Can Social Networking Cause Identity Theft?

Jul 25, 2007 • 9:00 am | comments (3) by twitter | Filed Under Social Search Engines & Optimization
 

Chris Winfield at Cre8asite Forums poses an interesting challenge for those of us who use social networking sites religiously. Is it a threat to your security? This question is promoted by an article where opponents of providing personal information believe that it indeed is a threat:

According to credit information provider Equifax, fraudsters could make off with users' personal information in order to commit ID theft--and the company is urging Web users to limit the amount of info they post online.

Most forum members are cautious about volunteering a lot of information. I understand that. It is rather difficult, however, for the young users of sites like MySpace and Facebook not to volunteer their personal information. The sites encourage it (if you don't enter a birthday on Facebook, for example, you get prompted to do so every time you log in until you do).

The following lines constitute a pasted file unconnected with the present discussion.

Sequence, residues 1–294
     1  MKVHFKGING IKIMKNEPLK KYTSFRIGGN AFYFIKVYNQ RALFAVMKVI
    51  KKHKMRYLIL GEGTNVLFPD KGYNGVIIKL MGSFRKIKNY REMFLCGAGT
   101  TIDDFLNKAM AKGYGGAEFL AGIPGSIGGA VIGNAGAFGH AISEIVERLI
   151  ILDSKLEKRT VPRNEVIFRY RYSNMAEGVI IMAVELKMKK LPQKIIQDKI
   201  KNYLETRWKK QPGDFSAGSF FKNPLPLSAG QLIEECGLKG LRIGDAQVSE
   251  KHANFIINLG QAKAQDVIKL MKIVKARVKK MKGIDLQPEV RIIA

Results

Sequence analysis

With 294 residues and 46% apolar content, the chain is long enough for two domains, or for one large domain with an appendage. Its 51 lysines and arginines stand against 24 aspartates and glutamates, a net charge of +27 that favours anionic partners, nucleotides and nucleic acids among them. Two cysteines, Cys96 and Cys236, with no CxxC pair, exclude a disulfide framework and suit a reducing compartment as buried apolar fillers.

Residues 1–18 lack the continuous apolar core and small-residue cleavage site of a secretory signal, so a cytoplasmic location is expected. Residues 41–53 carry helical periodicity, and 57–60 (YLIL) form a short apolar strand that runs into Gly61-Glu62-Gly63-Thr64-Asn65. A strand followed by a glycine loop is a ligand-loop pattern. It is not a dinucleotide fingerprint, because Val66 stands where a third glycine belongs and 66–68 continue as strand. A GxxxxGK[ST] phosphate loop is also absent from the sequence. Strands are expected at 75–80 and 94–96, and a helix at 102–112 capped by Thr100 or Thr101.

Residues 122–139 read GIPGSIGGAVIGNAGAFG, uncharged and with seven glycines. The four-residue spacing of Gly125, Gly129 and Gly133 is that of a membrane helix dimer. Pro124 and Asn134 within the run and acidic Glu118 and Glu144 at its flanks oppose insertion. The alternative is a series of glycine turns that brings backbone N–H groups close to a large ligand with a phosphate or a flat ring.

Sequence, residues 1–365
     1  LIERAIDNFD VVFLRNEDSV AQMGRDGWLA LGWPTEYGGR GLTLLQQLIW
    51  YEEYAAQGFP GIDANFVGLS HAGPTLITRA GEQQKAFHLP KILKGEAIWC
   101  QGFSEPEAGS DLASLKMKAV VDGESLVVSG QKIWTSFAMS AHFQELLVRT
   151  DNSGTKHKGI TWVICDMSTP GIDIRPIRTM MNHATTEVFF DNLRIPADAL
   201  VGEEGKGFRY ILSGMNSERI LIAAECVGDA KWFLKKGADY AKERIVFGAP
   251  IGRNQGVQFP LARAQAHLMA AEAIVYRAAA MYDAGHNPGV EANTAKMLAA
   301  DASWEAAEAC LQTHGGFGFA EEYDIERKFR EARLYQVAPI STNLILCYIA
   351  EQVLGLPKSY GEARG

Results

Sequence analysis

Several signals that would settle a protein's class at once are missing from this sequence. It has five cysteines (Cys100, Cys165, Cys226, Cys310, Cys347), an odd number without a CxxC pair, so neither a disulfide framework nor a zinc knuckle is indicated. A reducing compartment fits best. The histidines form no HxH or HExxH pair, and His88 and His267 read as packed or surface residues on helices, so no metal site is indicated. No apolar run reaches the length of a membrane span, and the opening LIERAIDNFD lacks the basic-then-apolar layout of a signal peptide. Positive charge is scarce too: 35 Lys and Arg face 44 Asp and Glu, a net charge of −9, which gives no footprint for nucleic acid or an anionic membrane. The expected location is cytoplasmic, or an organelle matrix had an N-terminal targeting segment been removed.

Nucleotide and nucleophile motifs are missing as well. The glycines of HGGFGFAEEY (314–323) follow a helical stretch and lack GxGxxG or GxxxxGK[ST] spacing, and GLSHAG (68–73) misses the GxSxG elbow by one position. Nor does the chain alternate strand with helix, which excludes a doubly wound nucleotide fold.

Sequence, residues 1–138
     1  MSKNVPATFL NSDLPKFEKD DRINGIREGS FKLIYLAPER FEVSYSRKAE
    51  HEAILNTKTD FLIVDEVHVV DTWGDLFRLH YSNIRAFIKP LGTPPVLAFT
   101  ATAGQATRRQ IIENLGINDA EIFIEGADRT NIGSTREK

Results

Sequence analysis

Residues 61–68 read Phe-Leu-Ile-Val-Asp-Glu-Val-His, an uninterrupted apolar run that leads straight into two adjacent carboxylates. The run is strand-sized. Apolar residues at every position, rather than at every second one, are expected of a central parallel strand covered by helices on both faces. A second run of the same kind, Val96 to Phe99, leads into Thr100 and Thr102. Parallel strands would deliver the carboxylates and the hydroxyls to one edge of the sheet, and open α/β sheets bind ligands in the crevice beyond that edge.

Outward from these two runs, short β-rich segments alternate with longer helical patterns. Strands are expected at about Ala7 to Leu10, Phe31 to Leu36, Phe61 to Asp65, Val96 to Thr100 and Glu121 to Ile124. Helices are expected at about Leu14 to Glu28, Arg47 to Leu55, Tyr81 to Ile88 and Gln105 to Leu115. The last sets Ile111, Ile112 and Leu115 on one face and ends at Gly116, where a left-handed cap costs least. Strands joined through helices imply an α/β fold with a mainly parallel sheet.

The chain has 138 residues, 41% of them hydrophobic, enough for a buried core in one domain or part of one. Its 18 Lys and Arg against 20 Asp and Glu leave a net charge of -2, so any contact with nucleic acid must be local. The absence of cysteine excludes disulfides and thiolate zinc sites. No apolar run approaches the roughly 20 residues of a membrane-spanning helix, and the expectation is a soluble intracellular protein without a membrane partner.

Still, that doesn't necessarily work well for some users.

[S]ecurity is a frame of mind, a way of life. You're either secure or not. To give an analogy, why lock the windows if you leave the door wide open? Lock everything!

I believe that users need to exercise caution when providing intimate details about themselves online. There's no reason to share with the world the last 4 digits of your social security number, your mother's maiden name, your father's middle name, or the name of your first pet. However, if this poses a problem in the future, and I can see that it might, it becomes a matter of credit providers to evolve, because there are millions of innocent victims whose identities are at risk on these social sites.

Neil Munroe, external affairs director for Equifax, said in a statement: "The problem is that people don't realize the significance of the kind of information they are putting out on the Web and who may be accessing it." He cited details such as date of birth, e-mail, job and marital status as the kind of data frequently posted online by unwary users.

It's time that those "minor" detail requirements are replaced by lesser known details.

Forum discussion continues at Cre8asite Forums.

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